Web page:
Many African American Studies majors have voiced their opinions here, so I wanted to add my English-major-voice to this forum, although I did write a short introduction to Melody Oliphant’s ‘13 article on Wesleying. The two classes I had (one of which I am taking now) with Professor Mahurin were the better English classes I’ve taken at Wesleyan. The Wesleyan English Department is stacked—we have a plethora of phenomenal professors and I have been lucky to take classes with many of them—but Professor Mahurin has stood out to me.
As a professor she never hesitates to hide or shy away from the complexity of a text, but she makes those complicated ideas about literature, life, and humanity accessible to every student in the classroom. It’s no mean feat and she does it with panache. She inspires her students and isn’t afraid to call them out when they shirk their responsibilities. This past week I spent an hour and a half in her class discussing the second half of The Sound and the Fury. It’s a challenging section and she helped her students dissect it, make sense of it, and apply it to larger structures and systems of time, economics, race, and love. I left the class with my brain whirring—in a really good way. Professor Mahurin has changed Wesleyan. She has connected to the student body in a profound and positive way. It may seem absurd to some to demand that the University hire her husband in order to keep her on campus. Those individuals should read Christian Hosam ’15 and Elsa Hardy’s ’14 moving WeSpeaks (among others, like Deja Knight’s ’17), because they demonstrate just how integral Professor Mahurin is to campus life. If the University’s administration is serious about a commitment to diversity and social justice, they should show it by fighting to keep Professor Mahurin, who has done so much for our SOC community. Beyond providing necessary AfAm courses and advising half of the major, Professor Mahurin advises Mellon Mays fellows, facilitates workshops, and isn’t afraid to call out her white students for a lack of cultural competency or commitment to issues of anti-racism on campus. She understands what it means to be an ally and how to help others become allies as well. Prior to taking her class, I didn’t understand half of what was wrong with diversity at Wesleyan. Professor Mahurin’s class opened my eyes to oppressive structures at play in my community and the importance of allyship. Professor Mahurin means so much to so many students on campus; this is why she deserves us to fight on her behalf. In her short time here, she has made Wesleyan better and the University would be absolutely irresponsible to let her go.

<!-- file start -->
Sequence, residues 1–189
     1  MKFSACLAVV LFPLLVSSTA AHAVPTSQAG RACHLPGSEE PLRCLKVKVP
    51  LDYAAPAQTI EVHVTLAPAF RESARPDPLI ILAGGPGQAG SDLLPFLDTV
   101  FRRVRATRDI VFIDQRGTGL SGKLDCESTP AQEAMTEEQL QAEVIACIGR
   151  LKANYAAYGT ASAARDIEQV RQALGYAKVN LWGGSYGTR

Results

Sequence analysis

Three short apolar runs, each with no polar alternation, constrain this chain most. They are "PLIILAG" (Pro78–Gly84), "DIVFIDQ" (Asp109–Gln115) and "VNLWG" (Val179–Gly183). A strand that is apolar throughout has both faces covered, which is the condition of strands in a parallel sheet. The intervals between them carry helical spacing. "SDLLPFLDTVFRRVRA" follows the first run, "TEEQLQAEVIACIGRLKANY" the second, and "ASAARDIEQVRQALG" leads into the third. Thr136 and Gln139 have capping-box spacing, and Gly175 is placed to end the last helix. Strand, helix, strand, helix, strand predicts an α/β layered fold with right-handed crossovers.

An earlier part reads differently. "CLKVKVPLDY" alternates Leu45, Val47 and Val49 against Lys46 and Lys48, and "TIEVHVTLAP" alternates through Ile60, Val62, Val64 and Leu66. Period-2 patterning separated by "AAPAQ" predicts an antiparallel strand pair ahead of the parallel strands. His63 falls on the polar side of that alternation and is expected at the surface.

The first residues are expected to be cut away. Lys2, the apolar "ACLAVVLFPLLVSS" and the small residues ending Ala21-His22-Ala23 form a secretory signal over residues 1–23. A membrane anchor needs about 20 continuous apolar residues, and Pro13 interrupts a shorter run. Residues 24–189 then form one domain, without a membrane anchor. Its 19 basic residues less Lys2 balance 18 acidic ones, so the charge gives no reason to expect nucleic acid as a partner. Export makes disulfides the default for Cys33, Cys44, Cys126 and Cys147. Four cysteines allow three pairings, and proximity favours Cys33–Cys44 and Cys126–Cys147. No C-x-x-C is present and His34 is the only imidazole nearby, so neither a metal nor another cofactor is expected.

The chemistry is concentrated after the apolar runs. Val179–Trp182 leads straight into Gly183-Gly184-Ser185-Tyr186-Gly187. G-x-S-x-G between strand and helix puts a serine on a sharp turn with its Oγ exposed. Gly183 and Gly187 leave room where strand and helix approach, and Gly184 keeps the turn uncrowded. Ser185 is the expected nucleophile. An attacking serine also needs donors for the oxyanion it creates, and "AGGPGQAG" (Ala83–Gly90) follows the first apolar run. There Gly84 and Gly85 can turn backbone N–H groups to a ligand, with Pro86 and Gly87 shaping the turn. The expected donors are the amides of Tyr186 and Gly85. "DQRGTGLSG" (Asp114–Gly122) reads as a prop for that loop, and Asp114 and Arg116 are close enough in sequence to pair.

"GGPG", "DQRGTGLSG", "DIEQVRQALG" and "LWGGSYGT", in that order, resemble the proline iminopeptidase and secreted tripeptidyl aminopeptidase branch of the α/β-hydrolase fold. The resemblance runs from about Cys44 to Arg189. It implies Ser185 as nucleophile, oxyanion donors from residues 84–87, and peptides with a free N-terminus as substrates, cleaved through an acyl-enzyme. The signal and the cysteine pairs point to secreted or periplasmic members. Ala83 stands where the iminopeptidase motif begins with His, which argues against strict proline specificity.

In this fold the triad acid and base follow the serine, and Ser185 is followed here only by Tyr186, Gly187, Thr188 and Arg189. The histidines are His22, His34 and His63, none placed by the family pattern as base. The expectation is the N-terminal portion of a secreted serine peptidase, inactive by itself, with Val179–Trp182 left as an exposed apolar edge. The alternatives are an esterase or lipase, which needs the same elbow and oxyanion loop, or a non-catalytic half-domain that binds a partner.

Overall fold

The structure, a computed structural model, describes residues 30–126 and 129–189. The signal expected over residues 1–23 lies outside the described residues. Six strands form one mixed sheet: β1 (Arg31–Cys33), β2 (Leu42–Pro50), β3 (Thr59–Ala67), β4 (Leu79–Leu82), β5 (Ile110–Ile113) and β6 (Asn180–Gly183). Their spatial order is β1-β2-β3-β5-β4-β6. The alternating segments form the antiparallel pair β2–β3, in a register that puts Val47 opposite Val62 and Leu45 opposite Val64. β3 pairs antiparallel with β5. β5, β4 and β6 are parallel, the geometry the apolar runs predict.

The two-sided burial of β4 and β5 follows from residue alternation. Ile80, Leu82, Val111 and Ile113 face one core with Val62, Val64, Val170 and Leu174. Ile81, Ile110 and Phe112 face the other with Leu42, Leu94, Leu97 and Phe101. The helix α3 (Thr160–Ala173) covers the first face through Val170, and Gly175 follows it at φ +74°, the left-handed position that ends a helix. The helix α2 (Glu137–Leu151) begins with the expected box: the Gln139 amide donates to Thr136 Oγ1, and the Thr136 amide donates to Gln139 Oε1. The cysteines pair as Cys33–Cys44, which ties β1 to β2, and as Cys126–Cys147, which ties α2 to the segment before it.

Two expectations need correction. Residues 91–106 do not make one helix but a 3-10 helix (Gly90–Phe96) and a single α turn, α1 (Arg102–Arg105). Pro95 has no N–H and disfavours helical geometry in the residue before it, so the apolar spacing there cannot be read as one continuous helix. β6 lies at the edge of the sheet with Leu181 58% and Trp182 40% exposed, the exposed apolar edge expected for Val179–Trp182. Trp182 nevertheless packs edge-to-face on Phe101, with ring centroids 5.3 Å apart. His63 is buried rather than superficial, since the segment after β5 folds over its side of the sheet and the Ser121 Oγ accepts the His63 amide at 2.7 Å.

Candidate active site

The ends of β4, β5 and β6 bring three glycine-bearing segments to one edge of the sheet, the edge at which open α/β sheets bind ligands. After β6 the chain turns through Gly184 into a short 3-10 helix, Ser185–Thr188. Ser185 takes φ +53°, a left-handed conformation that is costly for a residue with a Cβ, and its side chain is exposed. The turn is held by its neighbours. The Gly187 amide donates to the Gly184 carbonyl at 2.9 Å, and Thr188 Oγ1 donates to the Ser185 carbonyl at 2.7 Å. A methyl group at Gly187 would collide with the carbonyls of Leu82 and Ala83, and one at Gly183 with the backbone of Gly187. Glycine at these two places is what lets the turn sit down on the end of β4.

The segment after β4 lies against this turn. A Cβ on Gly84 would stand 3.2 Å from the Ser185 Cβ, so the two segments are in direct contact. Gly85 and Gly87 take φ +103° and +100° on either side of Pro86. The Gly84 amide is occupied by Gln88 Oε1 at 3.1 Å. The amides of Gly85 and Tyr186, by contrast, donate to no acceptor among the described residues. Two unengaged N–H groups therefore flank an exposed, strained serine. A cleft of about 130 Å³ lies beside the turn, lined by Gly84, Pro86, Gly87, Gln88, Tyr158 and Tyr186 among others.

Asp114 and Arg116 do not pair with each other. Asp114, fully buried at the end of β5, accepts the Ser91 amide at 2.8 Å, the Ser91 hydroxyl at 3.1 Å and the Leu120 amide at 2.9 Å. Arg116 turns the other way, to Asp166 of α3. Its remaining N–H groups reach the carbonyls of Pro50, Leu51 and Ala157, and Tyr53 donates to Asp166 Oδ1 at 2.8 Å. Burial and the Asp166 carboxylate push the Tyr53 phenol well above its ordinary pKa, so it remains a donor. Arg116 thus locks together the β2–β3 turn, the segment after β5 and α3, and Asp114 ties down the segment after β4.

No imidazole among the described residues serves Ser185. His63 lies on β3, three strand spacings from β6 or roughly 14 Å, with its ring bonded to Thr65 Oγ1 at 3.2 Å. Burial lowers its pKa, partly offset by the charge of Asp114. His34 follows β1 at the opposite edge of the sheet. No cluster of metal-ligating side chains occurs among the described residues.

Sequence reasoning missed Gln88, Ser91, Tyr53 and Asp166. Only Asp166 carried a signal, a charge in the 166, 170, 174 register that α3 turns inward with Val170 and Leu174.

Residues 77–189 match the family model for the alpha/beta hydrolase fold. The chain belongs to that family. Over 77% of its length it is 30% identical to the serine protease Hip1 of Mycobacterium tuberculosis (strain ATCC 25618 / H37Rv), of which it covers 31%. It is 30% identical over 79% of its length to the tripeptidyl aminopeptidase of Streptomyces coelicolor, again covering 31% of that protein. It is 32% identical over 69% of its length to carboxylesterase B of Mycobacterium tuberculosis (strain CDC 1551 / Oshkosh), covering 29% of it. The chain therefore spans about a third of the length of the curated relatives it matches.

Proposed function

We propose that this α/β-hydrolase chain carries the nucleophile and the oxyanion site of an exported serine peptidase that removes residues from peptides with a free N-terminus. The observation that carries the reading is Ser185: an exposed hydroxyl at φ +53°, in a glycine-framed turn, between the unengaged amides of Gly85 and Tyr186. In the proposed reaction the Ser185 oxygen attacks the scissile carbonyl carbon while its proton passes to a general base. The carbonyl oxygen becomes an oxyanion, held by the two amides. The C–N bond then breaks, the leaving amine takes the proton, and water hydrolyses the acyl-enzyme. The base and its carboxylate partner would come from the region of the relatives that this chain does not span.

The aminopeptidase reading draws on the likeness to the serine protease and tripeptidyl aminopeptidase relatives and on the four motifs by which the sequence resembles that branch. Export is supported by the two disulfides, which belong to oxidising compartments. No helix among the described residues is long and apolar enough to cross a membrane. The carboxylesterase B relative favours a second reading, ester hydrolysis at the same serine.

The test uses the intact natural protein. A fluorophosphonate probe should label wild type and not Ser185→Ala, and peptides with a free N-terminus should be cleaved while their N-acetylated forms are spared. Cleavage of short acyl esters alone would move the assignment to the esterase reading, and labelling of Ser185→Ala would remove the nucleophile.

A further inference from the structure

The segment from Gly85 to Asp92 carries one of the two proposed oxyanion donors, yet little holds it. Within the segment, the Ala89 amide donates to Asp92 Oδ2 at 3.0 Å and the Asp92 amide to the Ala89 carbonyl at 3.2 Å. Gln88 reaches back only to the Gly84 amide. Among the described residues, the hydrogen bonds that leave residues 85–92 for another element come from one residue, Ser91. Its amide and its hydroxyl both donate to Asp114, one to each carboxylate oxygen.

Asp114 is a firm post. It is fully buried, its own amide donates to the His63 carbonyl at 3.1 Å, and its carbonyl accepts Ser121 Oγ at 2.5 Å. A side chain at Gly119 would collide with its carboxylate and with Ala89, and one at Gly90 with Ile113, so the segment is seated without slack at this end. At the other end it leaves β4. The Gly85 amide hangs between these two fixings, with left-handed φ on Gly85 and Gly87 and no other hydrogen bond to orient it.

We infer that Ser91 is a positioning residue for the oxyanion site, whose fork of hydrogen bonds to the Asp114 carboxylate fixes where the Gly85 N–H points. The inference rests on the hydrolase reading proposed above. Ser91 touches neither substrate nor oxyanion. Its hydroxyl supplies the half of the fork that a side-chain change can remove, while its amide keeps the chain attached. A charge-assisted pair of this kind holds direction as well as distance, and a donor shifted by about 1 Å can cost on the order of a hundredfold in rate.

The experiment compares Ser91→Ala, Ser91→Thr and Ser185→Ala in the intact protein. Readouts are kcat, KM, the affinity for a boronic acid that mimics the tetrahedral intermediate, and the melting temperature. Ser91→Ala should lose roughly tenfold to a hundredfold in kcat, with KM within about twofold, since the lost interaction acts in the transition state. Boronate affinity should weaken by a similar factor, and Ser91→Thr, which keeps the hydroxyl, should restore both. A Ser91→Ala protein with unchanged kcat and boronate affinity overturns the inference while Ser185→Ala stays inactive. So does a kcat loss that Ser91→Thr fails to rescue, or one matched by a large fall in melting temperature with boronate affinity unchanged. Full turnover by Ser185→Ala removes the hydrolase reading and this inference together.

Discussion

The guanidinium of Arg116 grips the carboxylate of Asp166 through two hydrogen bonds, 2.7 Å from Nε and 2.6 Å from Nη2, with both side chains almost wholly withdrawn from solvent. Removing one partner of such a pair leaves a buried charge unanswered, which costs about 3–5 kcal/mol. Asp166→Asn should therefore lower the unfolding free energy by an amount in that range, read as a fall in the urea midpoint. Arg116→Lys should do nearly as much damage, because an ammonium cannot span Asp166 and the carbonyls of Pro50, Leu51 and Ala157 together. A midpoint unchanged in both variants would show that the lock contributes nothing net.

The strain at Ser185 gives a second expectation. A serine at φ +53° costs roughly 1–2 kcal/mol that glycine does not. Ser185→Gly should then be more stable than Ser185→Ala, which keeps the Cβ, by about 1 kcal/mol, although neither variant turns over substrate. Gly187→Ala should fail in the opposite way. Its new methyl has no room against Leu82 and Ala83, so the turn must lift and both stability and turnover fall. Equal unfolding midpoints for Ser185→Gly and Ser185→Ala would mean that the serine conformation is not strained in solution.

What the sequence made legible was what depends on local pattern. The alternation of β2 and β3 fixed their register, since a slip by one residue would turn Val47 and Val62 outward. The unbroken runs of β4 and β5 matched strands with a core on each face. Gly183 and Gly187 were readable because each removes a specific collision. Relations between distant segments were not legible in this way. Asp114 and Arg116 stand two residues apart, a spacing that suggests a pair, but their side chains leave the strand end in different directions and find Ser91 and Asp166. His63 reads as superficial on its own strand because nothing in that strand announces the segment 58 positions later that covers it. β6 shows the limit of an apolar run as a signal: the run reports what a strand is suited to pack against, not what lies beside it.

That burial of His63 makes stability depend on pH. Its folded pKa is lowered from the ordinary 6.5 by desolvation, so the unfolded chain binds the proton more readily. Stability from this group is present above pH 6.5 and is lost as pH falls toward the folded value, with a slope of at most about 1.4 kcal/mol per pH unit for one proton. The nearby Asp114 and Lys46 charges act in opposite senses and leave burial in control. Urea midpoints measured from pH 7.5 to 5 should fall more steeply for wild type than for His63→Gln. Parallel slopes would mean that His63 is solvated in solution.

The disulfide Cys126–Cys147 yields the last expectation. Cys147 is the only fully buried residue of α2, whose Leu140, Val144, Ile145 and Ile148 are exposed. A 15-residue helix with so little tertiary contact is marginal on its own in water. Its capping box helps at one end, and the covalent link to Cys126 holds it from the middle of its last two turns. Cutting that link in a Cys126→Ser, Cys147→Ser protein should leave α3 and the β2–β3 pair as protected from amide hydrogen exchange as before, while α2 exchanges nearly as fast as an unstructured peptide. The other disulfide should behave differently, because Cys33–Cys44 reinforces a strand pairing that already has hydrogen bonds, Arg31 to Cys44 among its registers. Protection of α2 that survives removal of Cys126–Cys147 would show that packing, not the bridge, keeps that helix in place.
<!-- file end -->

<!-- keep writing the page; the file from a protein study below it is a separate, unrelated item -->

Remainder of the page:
Gibbel is a member of the class of 2015.